USED AND ABUSED: KEEN BRYCE WP (2013)

PRICE: £110

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Used by Tom Bailey, Trail and Country Walking Magazine photographer
Used for 11 months

Full disclosure: I’ve never worn these on the hill. But that doesn’t mean I haven’t abused them. They’ve been my everyday wear for almost a year, so they’ve seen plenty of mud and grass during photo shoots, for which they’re well-equipped with a decent KEEN.DRY waterproof membrane. In a nutshell they’re extremely comfy, but not particularly durable. Where my heel meets the fabric it’s worn pretty badly and the outsole grip is going – which I’m a little disappointed by. The lining has also developed an unpleasant smell… but that’s to do with me, not the shoe. Despite all this, I still think they’re a good choice of footwear and I’d happily recommend them. This is in a big way thanks to the level of comfort they provide – which is among the best I’ve ever felt. There’s a reason I’ve worn them out in less than a year...

Verdict They’re all right. Which is high praise from me.       
www.keenfootwear.com

Anatom Q2 Hiking (2015)

Features

The Anatom Q2 Hiking’s upper is thicker and more durable than most boots, thanks to the use of 2.4mm full-grain leather. There is also good stiffness in the upper, and a waterproof breathable Tri-aria lining. The ankle cuff height is very slightly lower than the best boots. Underfoot is a Vibram sole unit with good lugs, but it is quite bendy from toe to heel. 4/5

Fit

For men the sizes are 41-47 but there is no women’s version of this boot. Anatom’s £120 Q2 Ultra Hiking in sizes 36-42 is the nearest equivalent but it has many different features. The Q2 Hiking’s fit is not as neat and precise and foot-hugging as higher-priced boots, but it does have good toe wiggle room. 4/5

Comfort

The ankle cuff is lower in the Anatom Q2 Hiking than higher-priced models; it is also stiffer and less comfortable in this area, I found. There is quite a soft forward flex in the sole, which is not quite as comfortable as the more graduated flex in higher-priced boots. So overall it lacks some of the finesse of higher-priced models. 3/5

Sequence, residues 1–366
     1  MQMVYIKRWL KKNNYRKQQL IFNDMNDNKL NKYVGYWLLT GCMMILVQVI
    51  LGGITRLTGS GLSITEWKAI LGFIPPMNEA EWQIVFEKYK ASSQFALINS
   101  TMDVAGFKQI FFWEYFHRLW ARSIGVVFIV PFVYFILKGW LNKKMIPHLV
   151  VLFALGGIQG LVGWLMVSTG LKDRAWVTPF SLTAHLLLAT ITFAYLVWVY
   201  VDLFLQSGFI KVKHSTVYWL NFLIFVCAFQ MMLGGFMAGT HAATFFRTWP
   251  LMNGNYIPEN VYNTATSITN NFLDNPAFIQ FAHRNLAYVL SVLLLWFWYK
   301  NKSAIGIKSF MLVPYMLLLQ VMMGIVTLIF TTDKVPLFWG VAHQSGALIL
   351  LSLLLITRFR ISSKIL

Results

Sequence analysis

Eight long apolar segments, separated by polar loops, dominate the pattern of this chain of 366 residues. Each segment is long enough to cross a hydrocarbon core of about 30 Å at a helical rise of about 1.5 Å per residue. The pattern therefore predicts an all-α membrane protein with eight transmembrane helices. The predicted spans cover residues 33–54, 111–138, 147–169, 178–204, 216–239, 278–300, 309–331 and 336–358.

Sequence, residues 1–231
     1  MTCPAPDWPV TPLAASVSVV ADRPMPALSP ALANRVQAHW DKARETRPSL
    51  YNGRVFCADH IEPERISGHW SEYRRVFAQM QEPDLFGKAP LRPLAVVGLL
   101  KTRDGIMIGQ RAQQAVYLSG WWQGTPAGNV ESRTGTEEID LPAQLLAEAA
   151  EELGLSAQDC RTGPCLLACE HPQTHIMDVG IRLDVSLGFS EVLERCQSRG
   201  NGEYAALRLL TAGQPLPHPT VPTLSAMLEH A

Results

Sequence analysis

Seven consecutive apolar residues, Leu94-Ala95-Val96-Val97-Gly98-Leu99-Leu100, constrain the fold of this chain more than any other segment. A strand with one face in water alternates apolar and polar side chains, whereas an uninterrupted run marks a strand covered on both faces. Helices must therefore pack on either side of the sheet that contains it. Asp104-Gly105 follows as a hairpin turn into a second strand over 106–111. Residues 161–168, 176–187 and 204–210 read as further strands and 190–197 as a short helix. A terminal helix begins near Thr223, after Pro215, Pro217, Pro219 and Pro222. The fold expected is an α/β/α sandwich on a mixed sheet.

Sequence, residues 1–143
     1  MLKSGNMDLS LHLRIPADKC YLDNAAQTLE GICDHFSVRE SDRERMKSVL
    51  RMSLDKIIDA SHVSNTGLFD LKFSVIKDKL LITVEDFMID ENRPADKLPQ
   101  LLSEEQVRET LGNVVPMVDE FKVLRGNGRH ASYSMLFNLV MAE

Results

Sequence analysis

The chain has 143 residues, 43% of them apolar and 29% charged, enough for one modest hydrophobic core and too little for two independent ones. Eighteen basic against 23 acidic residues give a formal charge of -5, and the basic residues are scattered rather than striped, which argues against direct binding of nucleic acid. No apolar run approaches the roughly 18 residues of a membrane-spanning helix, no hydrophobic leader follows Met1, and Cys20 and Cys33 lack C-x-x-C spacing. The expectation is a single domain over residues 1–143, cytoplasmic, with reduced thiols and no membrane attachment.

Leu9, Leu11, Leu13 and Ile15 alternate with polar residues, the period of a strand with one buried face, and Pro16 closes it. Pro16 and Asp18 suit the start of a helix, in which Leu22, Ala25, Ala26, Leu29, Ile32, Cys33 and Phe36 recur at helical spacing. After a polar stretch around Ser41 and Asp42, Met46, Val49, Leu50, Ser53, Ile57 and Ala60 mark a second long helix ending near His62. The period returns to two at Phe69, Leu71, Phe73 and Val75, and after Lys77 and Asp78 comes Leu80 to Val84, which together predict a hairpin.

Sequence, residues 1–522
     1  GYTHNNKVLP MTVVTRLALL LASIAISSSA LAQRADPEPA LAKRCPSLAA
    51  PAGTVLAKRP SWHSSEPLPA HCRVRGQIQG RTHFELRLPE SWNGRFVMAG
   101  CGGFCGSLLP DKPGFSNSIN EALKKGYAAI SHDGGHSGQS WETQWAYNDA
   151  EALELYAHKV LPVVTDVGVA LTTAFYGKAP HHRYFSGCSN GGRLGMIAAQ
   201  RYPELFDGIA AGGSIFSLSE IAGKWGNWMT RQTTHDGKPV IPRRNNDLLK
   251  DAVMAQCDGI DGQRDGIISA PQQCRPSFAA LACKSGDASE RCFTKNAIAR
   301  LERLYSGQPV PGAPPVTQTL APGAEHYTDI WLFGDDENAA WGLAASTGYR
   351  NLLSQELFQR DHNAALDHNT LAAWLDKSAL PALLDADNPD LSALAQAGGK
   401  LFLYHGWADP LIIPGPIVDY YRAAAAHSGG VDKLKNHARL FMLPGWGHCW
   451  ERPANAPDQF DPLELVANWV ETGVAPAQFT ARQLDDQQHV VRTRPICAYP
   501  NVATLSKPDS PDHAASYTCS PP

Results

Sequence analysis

In use

On the hill the Anatom Q2 Hiking provides a good grip thanks to the deep lugs of the Vibram sole, which includes a heel breast for downhill braking. The toe-to-heel flex is a slight drawback on rockier ground but there is good lateral stiffness and the upper is great for rockier ground. The fit is not so precise, however, so when scrambling it feels a bit cumbersome. 4/5

Value

Very good value. Not as good as higher-priced boots but better than many at this price. 5/5

Verdict

The Anatom Q2 Hiking is a great choice for general hillwalking on a budget, but it has small drawbacks compared to the better higher-priced boots. 4.0/5

Review by Graham Thompson

First published in Trail magazine December 2015

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Keen Targhee Mid (2015)

Features

The Keen Targhee Mid’s low weight of 1134g (pair, size 11) is exceptional. For that you get an upper made of mostly leather with synthetic material around the tongue plus a Keen.Dry waterproof and breathable lining. The ankle cuff is very low and there is more stitching on the upper, so this may be less supportive and less durable than some. There is virtually no heel breast on the sole. 3/5

Fit

The men’s sizes are 6-13 and the women’s 2½-8½. The fit is typical of Keen, being quite broad and spacious at the forefoot and toe area. The ankle cuff is lower than most boots. This will probably fit those with wider feet better than some of the narrower models we looked at. 5/5